Obesity has become a public health crisis in Philadelphia.
In 2010, 66% of adults and 41% of children were overweight or obese.
In some Philadelphia neighborhoods, almost 70% of children are overweight or obese. Obesity and being overweight are major risk factors for heart disease, many forms of cancer, and type 2 diabetes.
Many studies have shown a link between drinking sugar-sweetened beverages (SSB) and obesity.
A SSB is any non-alcoholic beverage with an added sugar-based, caloric sweetener, including sucrose, fructose, glucose, and other sugars (including high fructose corn syrup). This includes, but is not limited to: soda, non-100%-fruit drinks, sports drinks, flavored water, energy drinks, and pre-sweetened tea.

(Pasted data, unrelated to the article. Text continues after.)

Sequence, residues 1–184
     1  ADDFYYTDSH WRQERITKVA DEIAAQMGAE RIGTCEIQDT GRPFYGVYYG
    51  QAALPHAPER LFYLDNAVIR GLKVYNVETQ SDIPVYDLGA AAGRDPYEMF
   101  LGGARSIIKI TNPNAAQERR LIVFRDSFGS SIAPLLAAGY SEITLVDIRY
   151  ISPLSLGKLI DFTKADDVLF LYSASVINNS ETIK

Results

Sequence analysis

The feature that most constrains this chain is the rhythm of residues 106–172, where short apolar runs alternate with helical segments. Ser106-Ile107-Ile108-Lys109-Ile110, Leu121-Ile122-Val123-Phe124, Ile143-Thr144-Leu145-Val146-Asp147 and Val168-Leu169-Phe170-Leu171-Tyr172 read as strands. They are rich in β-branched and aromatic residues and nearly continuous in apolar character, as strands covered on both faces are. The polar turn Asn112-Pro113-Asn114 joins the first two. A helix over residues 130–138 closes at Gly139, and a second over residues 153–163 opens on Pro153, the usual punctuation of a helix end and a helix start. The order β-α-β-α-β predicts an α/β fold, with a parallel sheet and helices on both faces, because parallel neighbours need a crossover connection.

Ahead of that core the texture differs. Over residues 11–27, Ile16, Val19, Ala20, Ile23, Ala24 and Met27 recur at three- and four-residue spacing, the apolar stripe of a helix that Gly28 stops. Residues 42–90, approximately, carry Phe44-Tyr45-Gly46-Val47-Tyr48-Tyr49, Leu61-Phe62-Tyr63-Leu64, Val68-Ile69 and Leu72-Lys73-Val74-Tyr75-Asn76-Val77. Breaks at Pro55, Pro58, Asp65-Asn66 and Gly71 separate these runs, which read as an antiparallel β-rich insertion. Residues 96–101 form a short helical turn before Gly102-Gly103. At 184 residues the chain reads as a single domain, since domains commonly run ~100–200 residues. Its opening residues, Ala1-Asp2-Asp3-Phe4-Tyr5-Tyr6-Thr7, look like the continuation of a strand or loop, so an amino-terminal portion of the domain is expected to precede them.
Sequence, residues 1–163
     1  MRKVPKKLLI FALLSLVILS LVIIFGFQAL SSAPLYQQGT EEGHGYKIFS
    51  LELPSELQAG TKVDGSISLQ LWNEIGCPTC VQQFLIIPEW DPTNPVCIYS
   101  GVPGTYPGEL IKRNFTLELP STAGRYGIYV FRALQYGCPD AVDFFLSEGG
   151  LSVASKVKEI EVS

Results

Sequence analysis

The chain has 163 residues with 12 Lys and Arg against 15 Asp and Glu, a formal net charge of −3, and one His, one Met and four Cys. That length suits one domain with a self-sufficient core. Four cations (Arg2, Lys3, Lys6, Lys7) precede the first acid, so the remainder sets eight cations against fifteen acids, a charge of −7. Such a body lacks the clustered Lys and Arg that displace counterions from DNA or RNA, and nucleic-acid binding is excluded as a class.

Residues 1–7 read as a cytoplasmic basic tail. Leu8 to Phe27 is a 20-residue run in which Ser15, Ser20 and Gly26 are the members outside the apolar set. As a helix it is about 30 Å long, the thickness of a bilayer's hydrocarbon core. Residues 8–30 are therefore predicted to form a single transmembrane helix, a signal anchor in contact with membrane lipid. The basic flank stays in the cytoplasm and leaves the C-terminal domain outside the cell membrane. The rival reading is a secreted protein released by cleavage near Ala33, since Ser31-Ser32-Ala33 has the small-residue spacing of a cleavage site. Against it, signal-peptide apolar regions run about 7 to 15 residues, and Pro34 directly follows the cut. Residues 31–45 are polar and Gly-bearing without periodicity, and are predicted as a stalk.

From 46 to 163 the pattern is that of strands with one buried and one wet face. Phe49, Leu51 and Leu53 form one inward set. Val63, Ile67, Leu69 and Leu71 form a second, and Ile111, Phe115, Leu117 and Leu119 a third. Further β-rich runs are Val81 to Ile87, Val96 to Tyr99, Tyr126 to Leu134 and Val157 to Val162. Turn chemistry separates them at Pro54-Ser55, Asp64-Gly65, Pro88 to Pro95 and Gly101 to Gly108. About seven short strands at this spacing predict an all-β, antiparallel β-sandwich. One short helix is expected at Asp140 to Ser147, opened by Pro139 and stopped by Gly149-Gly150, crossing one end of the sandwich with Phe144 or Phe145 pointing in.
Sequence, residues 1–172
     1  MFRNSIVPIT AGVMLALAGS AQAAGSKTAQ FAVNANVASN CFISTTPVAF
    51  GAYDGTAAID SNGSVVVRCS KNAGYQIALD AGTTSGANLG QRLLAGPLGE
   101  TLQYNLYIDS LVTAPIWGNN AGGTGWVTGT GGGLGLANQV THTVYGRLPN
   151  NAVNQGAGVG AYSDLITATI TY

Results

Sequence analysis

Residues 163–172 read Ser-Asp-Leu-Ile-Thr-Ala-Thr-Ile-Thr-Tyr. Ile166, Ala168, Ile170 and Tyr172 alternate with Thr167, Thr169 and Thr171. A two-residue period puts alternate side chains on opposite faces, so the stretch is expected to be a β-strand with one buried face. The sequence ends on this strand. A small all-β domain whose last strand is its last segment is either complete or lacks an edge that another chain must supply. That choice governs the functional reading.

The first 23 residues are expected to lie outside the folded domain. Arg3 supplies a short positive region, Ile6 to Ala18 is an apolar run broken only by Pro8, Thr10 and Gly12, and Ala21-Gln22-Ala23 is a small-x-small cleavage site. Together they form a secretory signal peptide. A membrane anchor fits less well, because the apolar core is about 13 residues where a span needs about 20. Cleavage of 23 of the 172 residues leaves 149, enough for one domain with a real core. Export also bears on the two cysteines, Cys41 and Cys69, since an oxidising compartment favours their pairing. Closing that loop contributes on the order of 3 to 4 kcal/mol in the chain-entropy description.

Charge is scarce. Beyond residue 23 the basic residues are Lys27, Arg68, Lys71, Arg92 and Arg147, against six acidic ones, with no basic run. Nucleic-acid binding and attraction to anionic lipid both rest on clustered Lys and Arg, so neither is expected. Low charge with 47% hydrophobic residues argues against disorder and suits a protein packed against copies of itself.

Philadelphians drink about 60 million gallons of SSBs each year (about ½ liter or 170 calories per person per day). SSBs have a lot of calories, but they have no nutritional value. SSBs do not make people feel full, so they end up drinking more calories than they need.
Sweet beverages can change children's taste preferences for the rest of their lives, causing less sweet, healthier foods to be unappealing.
Through funding from the Centers for Disease Control the Department of Public Health is:
- Launching a hard-hitting media campaign to raise awareness about the health effects of SSBs and to provide concrete ideas on how to cut SSBs out of your diet
- Working with corner stores to sell healthier foods and beverages
- Working with schools to remove SSBs from school stores, fundraisers, and classroom parties
- "Beverage Intake in the United States"
The University of North Carolina at Chapel Hill
- "Sugar Sweetened Beverage Taxes"
Yale University Rudd Center for Food Policy and Obesity
- "Liquid Candy: How Soft Drinks Are Harming America's Health"
Center for Science in the Public Interest